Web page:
Tags

Type your tag names separated by a space and hit enter

Assessment of Fibula Flap Skin Perfusion in Patients Undergoing Oromandibular Reconstruction: Comparison of Clinical Findings, Fluorescein, and Indocyanine Green Angiography.
JAMA Facial Plast Surg 2015 Nov-Dec; 17(6):422-6JF

Abstract

IMPORTANCE

Complications of partial flap necrosis contribute substantially to morbidity in patients who undergo head and neck reconstructive surgery.

OBJECTIVE

To assess the usefulness of clinical findings, intraoperative fluorescein angiography, and intraoperative indocyanine green angiography (ICGA) for evaluation of flap skin paddle perfusion in patients undergoing oromandibular reconstruction who are at high risk of partial skin paddle necrosis.

DESIGN, SETTING, AND PARTICIPANTS

Retrospective medical record review from May 21, 1996, to May 27, 2015, at a tertiary care academic medical center. Participants were 73 patients who underwent reconstruction of through-and-through defects of the mucosa, mandible, and skin using fibula free flaps that contained large bilobed skin paddles.

MAIN OUTCOMES AND MEASURES

The rates of partial skin paddle necrosis and revision reconstructive surgery.

RESULTS

The rates of partial flap necrosis were 8% (n = 2) among 25 patients in whom the skin paddle was trimmed based on ICGA and 33% (n = 16) among 48 patients in whom the skin paddle was trimmed according to clinical findings (P = .02). The rates of revision reconstructive surgery were 20% (5 of 25) when flap skin paddles were trimmed using ICGA and 42% (20 of 48) when trimmed per clinical findings (P = .06).

CONCLUSIONS AND RELEVANCE

The use of ICGA may reduce the risk of partial skin flap necrosis in free flaps used in patients undergoing head and neck reconstruction who are at high risk of developing flap necrosis. Indocyanine green angiography imaging should be considered in any flap in which skin paddle viability is uncertain based on clinical findings and in patients in whom the skin paddle extends beyond the primary and adjacent angiosomes.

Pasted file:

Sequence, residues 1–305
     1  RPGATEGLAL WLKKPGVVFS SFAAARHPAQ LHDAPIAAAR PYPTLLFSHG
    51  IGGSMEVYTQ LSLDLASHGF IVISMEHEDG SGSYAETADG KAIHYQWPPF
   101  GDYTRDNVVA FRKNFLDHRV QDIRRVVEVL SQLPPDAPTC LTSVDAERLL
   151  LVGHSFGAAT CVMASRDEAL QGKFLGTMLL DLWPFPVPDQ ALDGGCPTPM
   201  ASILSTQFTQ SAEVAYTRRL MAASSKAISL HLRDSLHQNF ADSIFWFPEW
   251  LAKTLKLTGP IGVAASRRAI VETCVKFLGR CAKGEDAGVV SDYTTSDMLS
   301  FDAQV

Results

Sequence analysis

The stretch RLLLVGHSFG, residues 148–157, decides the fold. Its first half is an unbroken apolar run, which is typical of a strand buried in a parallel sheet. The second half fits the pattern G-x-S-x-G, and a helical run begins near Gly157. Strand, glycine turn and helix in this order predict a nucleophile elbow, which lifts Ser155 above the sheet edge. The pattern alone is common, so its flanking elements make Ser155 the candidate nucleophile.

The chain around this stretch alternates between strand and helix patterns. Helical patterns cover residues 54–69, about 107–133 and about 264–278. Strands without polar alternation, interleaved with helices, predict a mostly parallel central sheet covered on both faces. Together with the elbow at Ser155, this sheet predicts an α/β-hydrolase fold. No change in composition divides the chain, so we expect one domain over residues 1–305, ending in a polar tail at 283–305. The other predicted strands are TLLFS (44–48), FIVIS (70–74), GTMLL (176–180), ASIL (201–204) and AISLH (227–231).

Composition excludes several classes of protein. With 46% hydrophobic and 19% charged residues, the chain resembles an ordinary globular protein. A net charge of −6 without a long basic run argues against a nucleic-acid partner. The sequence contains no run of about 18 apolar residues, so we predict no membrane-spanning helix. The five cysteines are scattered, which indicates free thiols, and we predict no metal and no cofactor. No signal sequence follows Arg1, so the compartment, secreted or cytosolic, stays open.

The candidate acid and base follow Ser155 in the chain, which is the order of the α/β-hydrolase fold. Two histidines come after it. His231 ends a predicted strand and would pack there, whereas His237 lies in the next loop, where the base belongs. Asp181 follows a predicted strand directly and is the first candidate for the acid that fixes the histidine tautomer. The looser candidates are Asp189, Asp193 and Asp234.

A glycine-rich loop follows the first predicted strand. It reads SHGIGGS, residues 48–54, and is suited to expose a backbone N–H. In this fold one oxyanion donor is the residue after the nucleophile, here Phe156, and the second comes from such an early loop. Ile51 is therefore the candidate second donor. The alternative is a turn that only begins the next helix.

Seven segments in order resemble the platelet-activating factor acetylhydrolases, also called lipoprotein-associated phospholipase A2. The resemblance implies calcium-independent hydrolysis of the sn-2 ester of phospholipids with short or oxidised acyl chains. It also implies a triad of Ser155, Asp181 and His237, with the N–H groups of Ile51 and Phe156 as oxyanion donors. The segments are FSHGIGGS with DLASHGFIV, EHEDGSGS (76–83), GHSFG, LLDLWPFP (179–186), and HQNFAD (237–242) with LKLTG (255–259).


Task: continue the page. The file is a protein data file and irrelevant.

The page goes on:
LEVEL OF EVIDENCE

3.

Authors+Show Affiliations

Department of Head and Neck Surgery, David Geffen School of Medicine at University of California, Los Angeles.Department of Head and Neck Surgery, David Geffen School of Medicine at University of California, Los Angeles2currently with the Department of Otolaryngology-Head and Neck Surgery, Boston University School of Medicine, Boston, Massachusetts.Department of Head and Neck Surgery, David Geffen School of Medicine at University of California, Los Angeles3currently with the Department of Otolaryngology-Head and Neck Surgery, University of California, San Francisco.Department of Head and Neck Surgery, David Geffen School of Medicine at University of California, Los Angeles.Department of Head and Neck Surgery, David Geffen School of Medicine at University of California, Los Angeles.

Pub Type(s)

Comparative Study
Evaluation Studies
Journal Article

Language

eng

PubMed ID

26335298

Citation

Beckler, Andrew D., et al. "Assessment of Fibula Flap Skin Perfusion in Patients Undergoing Oromandibular Reconstruction: Comparison of Clinical Findings, Fluorescein, and Indocyanine Green Angiography." JAMA Facial Plastic Surgery, vol. 17, no. 6, 2015, pp. 422-6.
Beckler AD, Ezzat WH, Seth R, et al. Assessment of Fibula Flap Skin Perfusion in Patients Undergoing Oromandibular Reconstruction: Comparison of Clinical Findings, Fluorescein, and Indocyanine Green Angiography. JAMA Facial Plast Surg. 2015;17(6):422-6.